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Obstet Gynecol. 1996 Jun;87(6):937-42.

The impact of gestational age and fetal growth on the maternal-fetal glucose concentration difference.

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Department of Obstetrics and Gynecology, San Paolo Institute of Biomedical Sciences, University of Milano School of Medicine, Italy.



To test whether the human fetus accommodates to the increasing glucose requirements of late pregnancy with an increased maternal-fetal glucose concentration gradient and whether there are differences in pregnancies with fetal growth restriction (FGR) according to clinical severity.


Umbilical venous glucose concentration was measured in 77 normal pregnancies (appropriate for gestational age [AGA]) and 42 pregnancies complicated by FGR at the time of fetal blood sampling. In 40 AGA and in all FGR cases, a maternal "arterialized" blood sample was collected simultaneously. Growth-restricted fetuses were subdivided into three groups according to fetal heart rate (FHR) recordings and Doppler measurements of the umbilical artery pulsatility index (PI): group 1 (normal FHR and PI; 12 cases), group 2 (normal FHR, abnormal PI; 17 cases) and group 3 (abnormal FHR and PI; 13 cases).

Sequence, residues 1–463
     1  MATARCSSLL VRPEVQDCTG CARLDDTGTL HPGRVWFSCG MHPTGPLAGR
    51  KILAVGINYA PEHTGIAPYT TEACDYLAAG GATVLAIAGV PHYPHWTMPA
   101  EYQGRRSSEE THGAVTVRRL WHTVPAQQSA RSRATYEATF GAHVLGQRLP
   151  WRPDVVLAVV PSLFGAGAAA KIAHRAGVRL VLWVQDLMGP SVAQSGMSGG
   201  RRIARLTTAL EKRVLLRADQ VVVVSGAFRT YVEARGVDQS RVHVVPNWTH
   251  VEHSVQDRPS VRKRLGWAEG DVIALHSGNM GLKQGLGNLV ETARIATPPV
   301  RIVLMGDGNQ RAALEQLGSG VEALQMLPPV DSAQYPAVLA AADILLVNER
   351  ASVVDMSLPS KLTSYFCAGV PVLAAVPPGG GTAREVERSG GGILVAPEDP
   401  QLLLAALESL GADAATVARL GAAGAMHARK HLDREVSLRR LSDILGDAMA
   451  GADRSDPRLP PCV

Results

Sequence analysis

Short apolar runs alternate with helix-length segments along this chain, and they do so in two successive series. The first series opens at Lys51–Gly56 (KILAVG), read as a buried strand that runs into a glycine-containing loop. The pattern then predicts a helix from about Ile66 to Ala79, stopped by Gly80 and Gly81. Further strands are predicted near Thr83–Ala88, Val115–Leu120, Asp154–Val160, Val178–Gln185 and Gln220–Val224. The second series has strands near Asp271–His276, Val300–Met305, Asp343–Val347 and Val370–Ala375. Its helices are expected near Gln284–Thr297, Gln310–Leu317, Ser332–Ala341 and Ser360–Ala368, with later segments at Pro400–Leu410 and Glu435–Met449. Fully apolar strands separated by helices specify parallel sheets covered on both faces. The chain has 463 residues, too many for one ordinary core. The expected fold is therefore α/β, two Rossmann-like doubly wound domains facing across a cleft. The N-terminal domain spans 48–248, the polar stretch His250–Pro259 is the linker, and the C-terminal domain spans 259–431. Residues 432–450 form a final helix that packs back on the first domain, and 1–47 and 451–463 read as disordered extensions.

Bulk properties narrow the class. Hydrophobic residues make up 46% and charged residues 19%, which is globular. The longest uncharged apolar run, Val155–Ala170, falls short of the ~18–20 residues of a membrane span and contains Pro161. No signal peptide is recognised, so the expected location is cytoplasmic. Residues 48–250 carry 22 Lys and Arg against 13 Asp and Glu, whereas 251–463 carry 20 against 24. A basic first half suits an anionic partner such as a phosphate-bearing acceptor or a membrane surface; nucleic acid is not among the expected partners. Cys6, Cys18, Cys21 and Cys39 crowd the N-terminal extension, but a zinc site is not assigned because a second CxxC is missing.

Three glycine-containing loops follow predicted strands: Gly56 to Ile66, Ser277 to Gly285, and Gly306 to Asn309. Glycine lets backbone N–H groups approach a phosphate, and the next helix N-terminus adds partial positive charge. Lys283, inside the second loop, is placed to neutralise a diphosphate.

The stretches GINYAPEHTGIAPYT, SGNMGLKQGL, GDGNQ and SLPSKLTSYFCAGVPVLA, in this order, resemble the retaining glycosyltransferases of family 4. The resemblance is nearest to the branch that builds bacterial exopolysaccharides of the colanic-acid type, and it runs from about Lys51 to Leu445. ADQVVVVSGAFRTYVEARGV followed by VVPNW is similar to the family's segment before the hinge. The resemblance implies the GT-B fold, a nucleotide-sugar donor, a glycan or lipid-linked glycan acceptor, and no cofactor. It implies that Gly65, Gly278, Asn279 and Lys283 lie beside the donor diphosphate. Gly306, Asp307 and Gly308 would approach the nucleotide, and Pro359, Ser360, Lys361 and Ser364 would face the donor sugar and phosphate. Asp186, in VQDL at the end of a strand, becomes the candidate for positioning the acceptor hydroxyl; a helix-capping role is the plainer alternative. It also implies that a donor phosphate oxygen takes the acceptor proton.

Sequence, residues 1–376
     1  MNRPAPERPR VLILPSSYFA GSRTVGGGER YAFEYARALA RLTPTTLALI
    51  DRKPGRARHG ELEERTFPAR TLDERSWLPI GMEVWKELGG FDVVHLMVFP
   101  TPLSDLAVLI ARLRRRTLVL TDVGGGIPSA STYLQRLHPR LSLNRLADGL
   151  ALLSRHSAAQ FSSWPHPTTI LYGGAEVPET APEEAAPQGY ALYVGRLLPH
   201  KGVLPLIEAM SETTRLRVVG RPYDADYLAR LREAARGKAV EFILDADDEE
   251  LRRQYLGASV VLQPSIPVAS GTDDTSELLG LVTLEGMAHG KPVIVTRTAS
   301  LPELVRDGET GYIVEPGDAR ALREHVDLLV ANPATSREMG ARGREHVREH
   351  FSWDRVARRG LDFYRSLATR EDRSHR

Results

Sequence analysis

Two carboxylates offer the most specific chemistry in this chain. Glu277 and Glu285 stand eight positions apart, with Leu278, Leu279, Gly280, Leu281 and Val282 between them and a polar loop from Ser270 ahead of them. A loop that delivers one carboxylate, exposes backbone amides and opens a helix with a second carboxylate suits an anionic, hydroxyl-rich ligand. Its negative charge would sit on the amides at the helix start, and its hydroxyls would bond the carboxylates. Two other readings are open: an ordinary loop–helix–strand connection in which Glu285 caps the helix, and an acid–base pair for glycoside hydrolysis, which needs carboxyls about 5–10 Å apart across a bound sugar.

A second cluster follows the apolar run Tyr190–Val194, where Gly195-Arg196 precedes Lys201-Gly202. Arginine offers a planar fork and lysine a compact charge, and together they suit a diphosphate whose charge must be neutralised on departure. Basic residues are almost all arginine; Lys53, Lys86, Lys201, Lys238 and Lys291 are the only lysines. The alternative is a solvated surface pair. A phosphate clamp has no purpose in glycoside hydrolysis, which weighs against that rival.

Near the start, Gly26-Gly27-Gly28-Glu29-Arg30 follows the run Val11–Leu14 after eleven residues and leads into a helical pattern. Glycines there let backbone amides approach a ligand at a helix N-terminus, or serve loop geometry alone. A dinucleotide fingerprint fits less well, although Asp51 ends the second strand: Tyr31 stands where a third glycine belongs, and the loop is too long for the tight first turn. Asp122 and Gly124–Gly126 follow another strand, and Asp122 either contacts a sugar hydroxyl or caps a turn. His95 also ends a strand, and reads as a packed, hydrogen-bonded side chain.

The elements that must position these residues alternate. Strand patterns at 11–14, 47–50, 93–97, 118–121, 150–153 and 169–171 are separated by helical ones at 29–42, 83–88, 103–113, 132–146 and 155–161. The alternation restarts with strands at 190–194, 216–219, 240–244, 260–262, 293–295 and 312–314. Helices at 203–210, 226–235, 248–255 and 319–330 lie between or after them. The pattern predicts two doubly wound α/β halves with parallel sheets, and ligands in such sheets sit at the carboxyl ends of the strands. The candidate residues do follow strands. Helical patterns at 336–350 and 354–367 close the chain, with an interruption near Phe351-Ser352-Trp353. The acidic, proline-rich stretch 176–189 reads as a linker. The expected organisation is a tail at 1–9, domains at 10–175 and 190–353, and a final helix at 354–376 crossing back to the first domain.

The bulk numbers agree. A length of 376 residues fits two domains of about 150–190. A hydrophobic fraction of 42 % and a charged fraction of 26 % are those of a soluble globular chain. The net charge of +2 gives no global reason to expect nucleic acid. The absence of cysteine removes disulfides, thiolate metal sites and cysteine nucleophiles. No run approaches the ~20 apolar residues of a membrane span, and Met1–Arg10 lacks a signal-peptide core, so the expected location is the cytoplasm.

In normal pregnancies with increasing gestational age, there was a significant decrease (P < .001) of umbilical venous glucose concentration and a significant increase of the maternal-fetal glucose concentration difference (P < .001). In addition, there was a significant relation between fetal and maternal glucose concentrations (P < .001). In FGR pregnancies, the maternal-fetal glucose concentration difference was significantly higher in fetuses of groups 2 and 3 compared with normal pregnancies and FGR pregnancies of group 1.


In human pregnancy, the fetal glucose concentration is a function of both gestational age and the maternal glucose concentration. In FGR pregnancies, as an accommodation of the fetus to a restricted placental size and placental glucose transport capacity, the maternal-fetal glucose concentration difference is increased, and this increase is a function of the clinical severity.

[Indexed for MEDLINE]

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